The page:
Central European University, Opening Ceremony, 09/19/2008
Dear ladies and gentlemen, Mr. President and Rector, faculty members and students,
Today we are welcoming the new generation of students who in the coming academic year will devote their energy, efforts and talents to CEU. You have made an important life choice coming here. I would like to congratulate you on this choice and to share with you some insights on life at CEU.
CEU is a unique place in many respects. But above all it is unique with its people. Being accepted to study here gives you access to high quality education; to some of the world’s finest minds who are dedicated to teaching you what they know and to showing you how to do what they do best. You are free to use these resource at CEU but don’t forget that objectivity is no longer the definition of science and that you have the responsibility to question. In return your views and convictions will be questioned as well, some of them will change; new ones will open your eyes.
Be open to learning and to change! Learn to appreciate critique but don’t take it personally. Critique does not mean that someone is against you personally. Learn to listen! There is nothing wrong in being wrong unless you refuse to hear it. But also be tolerant and respectful to others in your own critique. People at CEU care a lot and tend to be sensitive.
Knowledge moves in mysterious ways. And often it hits you out of the classroom. You will be amazed how much you will learn from your class mates and friends. Get to know the people here! Share your experience, questions, ideas as well as mistakes. Life at the dorm will contribute to your intellectual and personal growth as much as sitting in the library. Work together, have fun, explore. Get to know the city! Budapest is beautiful, diverse and big enough for everyone to find their kind of inspiration and ways to recharge.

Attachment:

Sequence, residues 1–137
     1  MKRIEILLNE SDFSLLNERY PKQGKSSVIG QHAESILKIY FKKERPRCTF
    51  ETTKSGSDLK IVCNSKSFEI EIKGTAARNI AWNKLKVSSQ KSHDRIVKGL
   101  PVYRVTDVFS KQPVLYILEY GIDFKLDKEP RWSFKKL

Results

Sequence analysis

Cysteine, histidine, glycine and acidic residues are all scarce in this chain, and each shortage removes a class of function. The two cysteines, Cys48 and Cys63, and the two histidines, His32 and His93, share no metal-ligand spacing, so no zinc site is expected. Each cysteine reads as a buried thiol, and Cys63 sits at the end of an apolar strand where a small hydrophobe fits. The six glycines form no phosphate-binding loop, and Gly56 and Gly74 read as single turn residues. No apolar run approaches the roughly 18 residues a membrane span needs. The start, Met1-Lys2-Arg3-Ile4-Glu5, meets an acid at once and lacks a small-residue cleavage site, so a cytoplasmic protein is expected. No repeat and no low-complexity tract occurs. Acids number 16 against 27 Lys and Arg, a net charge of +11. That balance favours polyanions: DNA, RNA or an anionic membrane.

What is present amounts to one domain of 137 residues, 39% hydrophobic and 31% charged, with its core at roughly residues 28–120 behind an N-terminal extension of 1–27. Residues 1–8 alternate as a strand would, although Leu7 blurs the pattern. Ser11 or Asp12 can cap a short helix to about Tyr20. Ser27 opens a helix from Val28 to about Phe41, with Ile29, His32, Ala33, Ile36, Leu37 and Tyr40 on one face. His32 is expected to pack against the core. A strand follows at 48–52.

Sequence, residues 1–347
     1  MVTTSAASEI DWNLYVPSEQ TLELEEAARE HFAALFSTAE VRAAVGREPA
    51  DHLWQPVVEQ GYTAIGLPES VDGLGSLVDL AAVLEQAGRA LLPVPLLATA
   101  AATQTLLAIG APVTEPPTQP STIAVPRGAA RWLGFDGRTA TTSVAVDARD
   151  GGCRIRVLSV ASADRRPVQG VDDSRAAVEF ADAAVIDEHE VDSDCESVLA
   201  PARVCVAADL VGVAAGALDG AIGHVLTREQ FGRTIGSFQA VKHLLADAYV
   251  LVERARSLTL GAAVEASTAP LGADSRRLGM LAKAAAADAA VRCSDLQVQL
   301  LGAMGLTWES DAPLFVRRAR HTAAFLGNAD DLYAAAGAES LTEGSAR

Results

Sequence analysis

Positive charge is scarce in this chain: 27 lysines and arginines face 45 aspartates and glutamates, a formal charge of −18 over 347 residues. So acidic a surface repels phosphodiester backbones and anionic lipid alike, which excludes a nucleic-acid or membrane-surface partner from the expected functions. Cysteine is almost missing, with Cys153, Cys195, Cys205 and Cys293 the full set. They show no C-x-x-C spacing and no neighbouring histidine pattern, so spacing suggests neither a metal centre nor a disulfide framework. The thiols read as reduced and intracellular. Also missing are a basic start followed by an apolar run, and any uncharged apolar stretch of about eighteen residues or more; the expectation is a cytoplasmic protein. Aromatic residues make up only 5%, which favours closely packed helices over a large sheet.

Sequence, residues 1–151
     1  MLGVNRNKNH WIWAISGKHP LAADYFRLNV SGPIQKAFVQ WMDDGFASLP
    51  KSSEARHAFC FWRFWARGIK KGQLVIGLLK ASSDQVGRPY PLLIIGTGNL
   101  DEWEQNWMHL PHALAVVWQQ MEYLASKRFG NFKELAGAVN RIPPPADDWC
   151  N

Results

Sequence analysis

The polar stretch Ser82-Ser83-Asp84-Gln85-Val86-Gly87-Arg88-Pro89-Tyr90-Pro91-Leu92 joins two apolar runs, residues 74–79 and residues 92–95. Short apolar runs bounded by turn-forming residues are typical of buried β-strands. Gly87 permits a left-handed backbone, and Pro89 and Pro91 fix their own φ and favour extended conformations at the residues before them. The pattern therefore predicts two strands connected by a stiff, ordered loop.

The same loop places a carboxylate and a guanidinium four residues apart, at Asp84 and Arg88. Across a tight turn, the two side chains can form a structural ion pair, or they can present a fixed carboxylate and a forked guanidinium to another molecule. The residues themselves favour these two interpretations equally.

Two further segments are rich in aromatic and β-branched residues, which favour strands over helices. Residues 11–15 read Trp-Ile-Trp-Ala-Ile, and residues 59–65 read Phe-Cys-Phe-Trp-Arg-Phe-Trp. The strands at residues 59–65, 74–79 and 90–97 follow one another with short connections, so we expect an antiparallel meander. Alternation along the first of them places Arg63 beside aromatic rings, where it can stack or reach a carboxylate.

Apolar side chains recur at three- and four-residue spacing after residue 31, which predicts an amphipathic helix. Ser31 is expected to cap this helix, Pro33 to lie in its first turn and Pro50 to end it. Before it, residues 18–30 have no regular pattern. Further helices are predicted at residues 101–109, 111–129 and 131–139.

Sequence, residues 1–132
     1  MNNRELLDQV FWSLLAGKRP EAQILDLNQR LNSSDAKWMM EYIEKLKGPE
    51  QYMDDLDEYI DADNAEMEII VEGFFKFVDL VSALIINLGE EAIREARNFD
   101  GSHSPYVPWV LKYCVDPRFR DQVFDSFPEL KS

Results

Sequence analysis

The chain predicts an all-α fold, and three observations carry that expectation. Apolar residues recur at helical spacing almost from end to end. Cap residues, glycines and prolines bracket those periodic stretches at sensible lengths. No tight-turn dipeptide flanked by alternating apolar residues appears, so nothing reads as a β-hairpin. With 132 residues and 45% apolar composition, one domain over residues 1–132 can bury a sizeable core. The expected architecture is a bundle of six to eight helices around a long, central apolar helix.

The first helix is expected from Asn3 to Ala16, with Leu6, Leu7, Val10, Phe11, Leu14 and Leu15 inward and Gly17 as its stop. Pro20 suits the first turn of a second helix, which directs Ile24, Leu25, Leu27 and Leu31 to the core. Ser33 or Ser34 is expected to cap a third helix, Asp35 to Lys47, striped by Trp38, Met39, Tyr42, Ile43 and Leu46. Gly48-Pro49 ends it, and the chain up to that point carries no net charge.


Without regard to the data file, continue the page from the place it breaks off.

Be passionate about your thesis. research, get your footnotes right and read the footnotes of others – as I said knowledge moves in mysterious ways. The end of the year will come faster than you think, and you will miss it when it is gone, you will miss your thesis too once it is written. I obviously mean the MA thesis here. PhD works a bit differently.
First year of PhD is a year of searching, trying and erring, learning not so much about the world but about the rules of academic enquiry, about the legitimate ways of thinking in science. You will learn to see your own mistakes and writing will take longer. And at the end of the year you may find yourself successfully socialized and comfortable in the world of academia.
But so what? Have you saved a life, have you prevented a war, have you produced any goods? What are the fruits of your efforts and why are you here? These questions creep in every time you get stuck and have no easy answers.
My grandmother who spent not more than 4 years at school once asked me:
Aren’t you wasting your time reading all day?
And in fact while she was growing vegetables and feeding a household I am not producing anything tangible. Am I learning so that others can learn from me or so that better policy decisions are taken with my advice or is it out of curiosity? I don’t know what is it so mysterious about knowledge and its pursuit but I know that being here and spending time reading and discussing the conditions of others who work, fight or die for reasons beyond comprehension is an immense privilege. We are brought here together by the noble idea that all change starts from a change in the mind. What do we want to change and can we? Are we really producing new knowledge or are we as Hayek put it “second hand dealers of ideas”.
Think about it. You will have that privilege here. A privilege you have earned with hard work and commitment. Congratulations and welcome to Central European University.